Ascites (fluid in the abdomen) – UMich

When to Get Help

Contact your healthcare provider right away or go to the emergency department if you have:

  • trouble breathing
  • new or sharp pain in your belly that doesn’t go away
  • a fever
  • nausea and vomiting

What is Ascites?

The most common major complication of cirrhosis is ascites (pronounced “a-sigh-tees”). When pressure in the portal vein gets too high (called portal hypertension), fluid leaks out and builds up. This can make your abdomen enlarge like a balloon filled with water. Ascites might be diagnosed with a physical exam. You may need other tests like an ultrasound (to look for fluid) or paracentesis (to take a sample of the fluid for testing).

Ascites can be very uncomfortable. Eating can be a problem because you have less room for food. Even breathing can be a problem, especially when you’re lying down. It can also lead to fluid buildup in the space around your lungs (called pleural effusion or hepatic hydrothorax), or abdominal hernias – especially umbilical hernias (when tissue from inside the abdomen bulges out through a weak spot in the navel or belly button).

The most dangerous problem associated with ascites is an infection called spontaneous bacterial peritonitis (SBP), which can be life-threatening. Some symptoms of SBP are fever, abdominal pain, nausea and vomiting, or confusion. If you get spontaneous bacterial peritonitis (SBP), you will need antibiotics to treat it. After you recover, you will probably be prescribed another antibiotic to reduce your risk of getting SBP again.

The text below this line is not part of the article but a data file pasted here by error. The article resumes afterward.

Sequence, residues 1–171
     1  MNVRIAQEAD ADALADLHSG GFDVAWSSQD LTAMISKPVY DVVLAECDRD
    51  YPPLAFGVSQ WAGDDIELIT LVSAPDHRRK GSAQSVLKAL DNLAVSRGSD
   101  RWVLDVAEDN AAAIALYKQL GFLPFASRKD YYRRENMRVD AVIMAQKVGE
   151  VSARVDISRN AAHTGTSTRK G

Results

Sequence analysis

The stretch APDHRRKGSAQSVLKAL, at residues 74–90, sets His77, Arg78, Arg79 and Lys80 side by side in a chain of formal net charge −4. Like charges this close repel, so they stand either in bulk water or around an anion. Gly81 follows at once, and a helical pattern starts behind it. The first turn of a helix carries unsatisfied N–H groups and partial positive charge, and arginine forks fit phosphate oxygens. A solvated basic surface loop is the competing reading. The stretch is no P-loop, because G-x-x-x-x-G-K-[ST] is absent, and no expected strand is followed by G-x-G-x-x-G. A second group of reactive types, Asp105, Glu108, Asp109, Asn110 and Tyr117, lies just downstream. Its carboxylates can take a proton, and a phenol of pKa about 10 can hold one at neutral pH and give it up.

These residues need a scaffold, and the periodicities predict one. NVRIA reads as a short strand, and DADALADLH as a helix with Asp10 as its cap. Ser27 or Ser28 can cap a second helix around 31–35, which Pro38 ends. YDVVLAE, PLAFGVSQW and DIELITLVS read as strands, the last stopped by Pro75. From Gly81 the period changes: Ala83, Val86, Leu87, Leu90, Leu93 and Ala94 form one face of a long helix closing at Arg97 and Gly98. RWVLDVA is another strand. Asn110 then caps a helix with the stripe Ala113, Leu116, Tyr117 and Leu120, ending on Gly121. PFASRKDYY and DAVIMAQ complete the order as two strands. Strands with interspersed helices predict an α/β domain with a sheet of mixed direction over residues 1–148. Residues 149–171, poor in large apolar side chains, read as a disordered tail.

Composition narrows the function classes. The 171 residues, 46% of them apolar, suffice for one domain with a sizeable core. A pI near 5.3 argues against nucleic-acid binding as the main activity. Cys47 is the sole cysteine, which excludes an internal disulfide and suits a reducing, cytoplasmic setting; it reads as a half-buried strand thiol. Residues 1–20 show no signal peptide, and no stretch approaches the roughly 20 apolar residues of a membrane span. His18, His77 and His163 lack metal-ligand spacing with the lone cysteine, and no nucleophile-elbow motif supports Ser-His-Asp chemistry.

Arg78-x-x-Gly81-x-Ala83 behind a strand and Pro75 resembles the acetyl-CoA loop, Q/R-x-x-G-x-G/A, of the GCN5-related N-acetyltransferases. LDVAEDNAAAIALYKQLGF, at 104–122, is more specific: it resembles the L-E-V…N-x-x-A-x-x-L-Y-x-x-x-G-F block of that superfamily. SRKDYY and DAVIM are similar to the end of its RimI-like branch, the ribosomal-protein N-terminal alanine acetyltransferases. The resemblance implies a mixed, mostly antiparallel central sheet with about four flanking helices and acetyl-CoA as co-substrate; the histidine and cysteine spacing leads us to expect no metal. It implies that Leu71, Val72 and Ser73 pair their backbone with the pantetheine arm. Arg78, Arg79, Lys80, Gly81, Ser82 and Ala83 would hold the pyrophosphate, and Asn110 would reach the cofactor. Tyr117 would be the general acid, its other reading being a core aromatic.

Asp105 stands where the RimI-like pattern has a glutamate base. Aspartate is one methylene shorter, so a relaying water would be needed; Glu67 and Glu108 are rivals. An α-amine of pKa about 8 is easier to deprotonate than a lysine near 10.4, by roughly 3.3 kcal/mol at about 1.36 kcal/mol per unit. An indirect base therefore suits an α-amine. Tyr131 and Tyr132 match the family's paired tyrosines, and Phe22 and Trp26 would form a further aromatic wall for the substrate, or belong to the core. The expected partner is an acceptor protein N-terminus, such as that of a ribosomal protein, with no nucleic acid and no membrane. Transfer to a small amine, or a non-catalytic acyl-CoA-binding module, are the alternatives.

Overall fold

Treatment

Treatment for ascites caused by cirrhosis can include more than one of the options listed below.

Low Sodium (Salt) Diet

Restricting sodium is an important part of ascites treatment. Too much sodium can make your body hold on to extra fluid. This fluid can pool in your belly, chest and legs. Eating foods with less sodium can help control ascites.

  • Aim to eat less than 2000 mg of sodium a day.
  • One teaspoon of salt has about 2300 mg of sodium.
  • All types of salt contain the same amount of sodium, including table salt, sea salt, and Himalayan salt.

Tips to reduce sodium:

  • At first, foods may taste bland. Over time, your taste buds get used to less salt.
  • Don’t add salt to your food while cooking or at the table.
  • Choose fresh, unprocessed, and homemade foods.
  • Eat less processed, packaged, or restaurant foods.
  • Limit condiments and sauces (ketchup, mustard, soy sauce, gravies, salad dressings).
  • Limit pickled foods, olives, chutneys, and dips.
  • To boost flavours, try adding spices, seasoning mixes with no salt added, lemon, lime, vinegar, fresh or dry herbs, garlic, or onions

Read food labels

Diuretic Medicine

Diuretic medicines such as furosemide and spironolactone can also help to get rid of the fluid that has built up in the abdomen (belly) and other parts of the body. If you have ascites, your doctor may prescribe a diuretic for you to take.

If you are taking diuretics, it is important to weigh yourself daily to monitor the effect of diuretics. One litre of ascites weighs about 2.2 pounds (1 kg). Gradual weight loss is a sign of decreasing ascites – this is expected and desired when diuretics are first started. Losing weight too quickly can be dangerous.